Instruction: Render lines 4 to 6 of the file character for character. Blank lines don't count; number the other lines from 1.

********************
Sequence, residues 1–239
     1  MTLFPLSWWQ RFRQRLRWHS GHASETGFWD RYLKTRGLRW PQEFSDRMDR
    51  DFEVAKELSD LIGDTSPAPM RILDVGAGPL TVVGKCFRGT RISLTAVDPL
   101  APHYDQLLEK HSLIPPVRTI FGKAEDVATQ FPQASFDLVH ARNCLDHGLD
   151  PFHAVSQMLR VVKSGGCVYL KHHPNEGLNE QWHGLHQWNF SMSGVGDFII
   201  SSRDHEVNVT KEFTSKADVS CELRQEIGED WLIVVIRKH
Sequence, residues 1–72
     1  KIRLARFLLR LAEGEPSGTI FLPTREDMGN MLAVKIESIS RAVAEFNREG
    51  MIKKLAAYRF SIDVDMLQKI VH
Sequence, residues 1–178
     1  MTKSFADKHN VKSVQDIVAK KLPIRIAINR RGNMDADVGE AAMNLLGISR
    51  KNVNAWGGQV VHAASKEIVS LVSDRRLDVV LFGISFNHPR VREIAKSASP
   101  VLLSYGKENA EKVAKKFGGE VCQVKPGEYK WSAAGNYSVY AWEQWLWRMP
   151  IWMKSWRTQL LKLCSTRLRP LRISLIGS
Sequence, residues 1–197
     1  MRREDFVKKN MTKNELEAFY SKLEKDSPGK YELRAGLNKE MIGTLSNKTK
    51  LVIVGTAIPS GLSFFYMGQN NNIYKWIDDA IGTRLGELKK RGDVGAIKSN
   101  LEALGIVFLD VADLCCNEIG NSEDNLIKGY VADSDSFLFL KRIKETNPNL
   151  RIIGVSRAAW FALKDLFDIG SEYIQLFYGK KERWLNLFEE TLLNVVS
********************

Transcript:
   101  APHYDQLLEK HSLIPPVRTI FGKAEDVATQ FPQASFDLVH ARNCLDHGLD
   151  PFHAVSQMLR VVKSGGCVYL KHHPNEGLNE QWHGLHQWNF SMSGVGDFII
   201  SSRDHEVNVT KEFTSKADVS CELRQEIGED WLIVVIRKH